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Adam's got a nasty tendency towards hydroplaning. What can he do to put a stop to all the sliding? Find out.

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Dear Tom and Ray:



I have a history of hydroplaning. I slid and rolled over in a GMC Jimmy while making a sharp right turn during a rainstorm. I also have hydroplaned in a Jeep Cherokee while driving in a light drizzle and going in a perfectly straight line. I now own a Honda Civic. As I will obviously be driving in the rain once more, what is the best strategy for not letting it slide around? I had thought that not turning too fast would be a grand solution, until the Jeep incident. Any thoughts on the matter? Thanks! -- Adam

RAY: Yeah. Slow down.

TOM: It's hard to know what happened in each situation, Adam. But there are several factors that often lead to hydroplaning.

RAY: The first one is speed. If you're going too fast and you hit standing water, the vehicle is going to hydroplane (that is, the tires will not be able to channel enough water out through their grooves, and the tires will ride up on top of the water, losing their contact with the road).

TOM: So if you drive like a knucklehead in the rain, whether you're going straight ahead or not, you're a candidate for hydroplaning.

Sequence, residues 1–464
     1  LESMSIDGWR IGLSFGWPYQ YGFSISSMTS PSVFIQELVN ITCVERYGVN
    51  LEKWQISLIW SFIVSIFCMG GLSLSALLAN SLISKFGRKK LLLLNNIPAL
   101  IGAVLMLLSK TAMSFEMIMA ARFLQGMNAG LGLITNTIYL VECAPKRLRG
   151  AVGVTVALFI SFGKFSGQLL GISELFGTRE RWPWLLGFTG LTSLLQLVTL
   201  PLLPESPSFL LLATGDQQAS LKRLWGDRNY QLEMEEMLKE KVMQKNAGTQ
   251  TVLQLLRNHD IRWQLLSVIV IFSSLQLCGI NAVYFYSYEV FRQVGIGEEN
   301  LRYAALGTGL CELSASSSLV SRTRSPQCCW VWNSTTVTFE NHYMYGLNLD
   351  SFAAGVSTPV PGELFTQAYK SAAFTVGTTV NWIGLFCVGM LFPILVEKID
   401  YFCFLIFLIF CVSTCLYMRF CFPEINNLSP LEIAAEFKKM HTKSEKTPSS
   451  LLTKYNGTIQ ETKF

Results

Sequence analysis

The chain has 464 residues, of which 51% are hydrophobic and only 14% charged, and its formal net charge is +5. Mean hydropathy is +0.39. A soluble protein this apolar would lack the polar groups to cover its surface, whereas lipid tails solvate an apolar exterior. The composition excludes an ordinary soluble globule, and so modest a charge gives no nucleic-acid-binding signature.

RAY: Tires also can be an issue. Knobby, aggressive SUV tires are notoriously bad on wet pavement. It has to do with both the nature of the rubber compound used and the fact that they have deep grooves and, therefore, a smaller rubber patch on the road to begin with. So they tend to slide fairly easily. And while the deep grooves can help evacuate water, if you're going too fast, that's not enough.

TOM: Another factor is the size of the puddle you hit. If you live where there's flash flooding and standing water builds up on the roads, you have to be extra careful. If you drive into 2 or 3 inches of water, even at what normally is a reasonable speed, you easily can hydroplane.

RAY: And finally, your four-wheel-drive system could have been a factor. The GMC Jimmy and the Jeep Cherokee both have old-style "on-demand" four-wheel-drive systems (as opposed to modern, full-time all-wheel-drive systems). Those old-style systems are never supposed to be used when driving on normal roads -- dry or wet -- because they force the two front wheels to turn at the same combined speed as the pair of rear wheels.

TOM: If you try to steer a vehicle without letting each of its wheels turn at different speeds, you easily can lose control and flip it over. Or you could make it hard to regain control once you start to hydroplane.

RAY: Those old-style four-wheel-drive systems are supposed to be engaged only when you're stuck, or when you're actually driving on mud, sand or snow.

TOM: So make sure you have good tires on your Civic, watch out for large puddles and slow down, Adam. That should keep you on terra firma. Did we mention that you should slow down?
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